Other visitors chose more out of the way spots. Nikita Zuev, of Worcester, Massachusetts was looking for a small town to experience totality, and was amused to learn that there is a Worcester in Vermont. He decided to make it his viewing spot. “It felt like I was a kid again, to be honest,” Zuev said.

He was one of about 200 people, mostly locals, who set up lawn chairs and blankets at Ladd Field in Worcester, for an eclipse gathering hosted by the town historical society

The crowd broke into a spontaneous round of applause when the sun reemerged from the moon’s shadow after 2 minutes and 15 seconds of totality.

“I think it just makes me feel just connected to the universe,” Worcester resident Max Barrows said. “It’s one of those things that just makes you feel connected to what the universe brings.”

A group of five older people in chairs on a sidewalk don eclipse glasses and hold cups of prosecco.
Marielle Blais, Dennis Marden, Maureen Waters and Beth and Bernie Carr, all of Brandon, Vermont, watch the eclipse with eclipse glasses and cups of prosecco on Monday, April 8.

Sabine Poux, Howard Weiss-Tisman, Peter Hirschfield, Lexi Krupp, Erica Heilman, Lola Duffort, Nina Keck, Liam Elder-Connors, Mikaela Lefrak and Bob Kinzel contributed reporting.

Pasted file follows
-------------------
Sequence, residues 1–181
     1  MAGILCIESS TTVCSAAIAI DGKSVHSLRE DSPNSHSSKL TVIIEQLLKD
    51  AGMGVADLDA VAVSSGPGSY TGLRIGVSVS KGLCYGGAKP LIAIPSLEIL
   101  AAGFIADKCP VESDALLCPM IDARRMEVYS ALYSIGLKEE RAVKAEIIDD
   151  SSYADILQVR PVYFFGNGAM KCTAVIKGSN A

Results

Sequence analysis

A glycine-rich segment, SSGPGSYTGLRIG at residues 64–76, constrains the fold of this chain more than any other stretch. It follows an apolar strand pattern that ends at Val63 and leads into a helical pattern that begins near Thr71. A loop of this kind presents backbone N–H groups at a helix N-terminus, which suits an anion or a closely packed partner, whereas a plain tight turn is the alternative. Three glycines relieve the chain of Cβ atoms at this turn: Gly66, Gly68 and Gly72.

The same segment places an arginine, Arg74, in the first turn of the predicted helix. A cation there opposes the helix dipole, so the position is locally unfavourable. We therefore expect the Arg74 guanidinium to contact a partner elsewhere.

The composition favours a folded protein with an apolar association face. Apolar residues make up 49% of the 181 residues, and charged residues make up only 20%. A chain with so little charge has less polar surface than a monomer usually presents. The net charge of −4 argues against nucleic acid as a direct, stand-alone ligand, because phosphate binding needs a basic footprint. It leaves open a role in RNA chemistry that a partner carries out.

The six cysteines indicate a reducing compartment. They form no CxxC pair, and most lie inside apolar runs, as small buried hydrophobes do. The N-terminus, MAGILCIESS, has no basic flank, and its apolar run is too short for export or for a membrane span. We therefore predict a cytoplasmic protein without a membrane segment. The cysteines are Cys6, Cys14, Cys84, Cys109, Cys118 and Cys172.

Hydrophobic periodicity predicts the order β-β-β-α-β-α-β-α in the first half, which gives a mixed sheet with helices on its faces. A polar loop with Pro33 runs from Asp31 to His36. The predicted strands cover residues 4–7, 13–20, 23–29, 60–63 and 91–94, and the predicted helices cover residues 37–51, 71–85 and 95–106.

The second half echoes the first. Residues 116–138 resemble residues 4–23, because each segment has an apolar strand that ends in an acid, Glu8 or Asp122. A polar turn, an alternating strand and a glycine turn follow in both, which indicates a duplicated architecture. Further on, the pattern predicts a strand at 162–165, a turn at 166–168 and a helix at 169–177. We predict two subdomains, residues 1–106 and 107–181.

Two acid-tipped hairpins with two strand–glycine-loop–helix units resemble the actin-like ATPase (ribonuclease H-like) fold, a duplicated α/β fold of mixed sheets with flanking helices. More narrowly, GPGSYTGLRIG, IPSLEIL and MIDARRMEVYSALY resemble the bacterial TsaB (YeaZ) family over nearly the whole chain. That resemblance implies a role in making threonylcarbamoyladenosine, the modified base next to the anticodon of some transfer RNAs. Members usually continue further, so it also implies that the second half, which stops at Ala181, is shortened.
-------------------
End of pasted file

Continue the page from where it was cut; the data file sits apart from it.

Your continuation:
Have questions, comments or tips? Send us a message.

Mark Davis has spent more than a decade working as a reporter in Vermont, focusing on both daily and long-form stories. Prior joining Vermont Public as assistant news director, he worked for five years at Seven Days, the alt-weekly in Burlington, where he won national awards for his criminal justice reporting. Before that, he spent nine years at the Valley News, where won state and national awards for his coverage of the criminal justice system, Topical Storm Irene, and other topics. He has also served as a producer and editor for the Rumblestrip podcast. He graduated from the University of Maryland's Philip Merrill College of Journalism.